The first single and video. This song samples, of all things, the theme song from fucking Magnum P.I.: you would have thought Ma$e and Cam would have been wearing fake Tom Selleck mustaches while they were running from the feds in the corny video. (At least, I would have thought that to be funny.) Some of this rapid-fire threat set to music is spoken for mere shock value (especially when he says that he'll force your brother to eat your mother out), but at least most of this is delivered with confidence.

This shit is weak, reaching out for a radio audience that didn't yet exist, thanks to Jermaine Dupri's co-production work. Cam's gibberish rapping also becomes annoying for the first time in the man's career on this song. Bleh.

Killa Cam tried his damnedest to appeal to the female half of the audience with this love rap, which shakes up the status quo of Confessions Of Fire so abruptly that you'll be tempted to double check the disc just to make sure that your evil twin, who is a railroad tycoon prone to tying his opponents to train tracks while twirling his mustache, hasn't switched albums on you. Moving on...

DMX has his song-length conversations with the devil, but Cam'ron goes the more existential route, playing chess with Death himself. Some of this is interesting, especially when Cam reveals that he's still kind of dealing with the loss of Bloodshed and does not want to die himself, kind of like Bill & Ted's Bogus Journey, but the beat is much too peppy for the subject matter: "Suicidal Thoughts" this is not, although Digga and Un try to trick you into thinking that "Death" is on that brilliant song's level by utilizing a Biggie vocal sample throughout.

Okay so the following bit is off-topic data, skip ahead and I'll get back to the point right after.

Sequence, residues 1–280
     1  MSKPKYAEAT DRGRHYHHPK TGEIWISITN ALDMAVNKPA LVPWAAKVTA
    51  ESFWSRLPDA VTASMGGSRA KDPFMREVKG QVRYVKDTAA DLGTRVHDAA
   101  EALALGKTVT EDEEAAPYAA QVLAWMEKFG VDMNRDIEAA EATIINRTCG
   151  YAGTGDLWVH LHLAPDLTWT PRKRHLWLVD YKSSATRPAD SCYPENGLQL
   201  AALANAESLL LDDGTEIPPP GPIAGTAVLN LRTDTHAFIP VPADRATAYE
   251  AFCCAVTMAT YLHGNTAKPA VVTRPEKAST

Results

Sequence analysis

Killa Cam's first foray into the radio-friendly mainstream features his old running buddy Murda Mase riding shotgun on the chorus to this Trackmasters-produced song. This shit is admittedly ridiculous, especially Ma$e's crooning on the hook, but I'd be lying if I didn't cop to liking this crappy song back in the day (you can thank Bad Boy's influence on the genre at the time, as this falls into the same category: if the women like it, then...). It doesn't work so well for me now, though. Side note: I always thought it was hilarious that the video for "357" leads directly into this piffle, since this is essentially the polar opposite of that track.

Sampling the Tom Tom Club's "Genius Of Love"? Who are you, Mariah Carey? This shit is just weird, especially when Fredericka (I'm still not sure if this was supposed to be Cam's actual mother) spits some bars. As far as I care to research, this is the first recorded appearance of Jimmy Jones, better known now as Jim Jones, a hip hop jackass who has nevertheless managed to carve out a niche of the genre for himself, and is now technically much more popular that Cam. Sad, that.

Kelly Price's chorus doesn't fit in with Cam'Ron's overall theme on this track. Not that it truly matters, as this shit is so boring that you'll probably cut it off midway through anyway.

Cam and Murda rhyme over the same sample Nas rocked for his "Dr. Knockboots". This sounds like the type of shit that would have been the first single, had Cam signed with Puffy instead of Un. And this would be Puffy's idea of a "street" single.

Cam starts things off promisingly, dedicating the song to those whose parents chose their boyfriend or girlfriend over them, and then switches shit into a metaphor (a blatant one, by the way) for a parent addicted to drugs. The hook, sung by Brotha in a manner as to remind listeners of Curtis Mayfield's "Pusherman", is stupid, but Killa Cam's lyrics are actually not bad.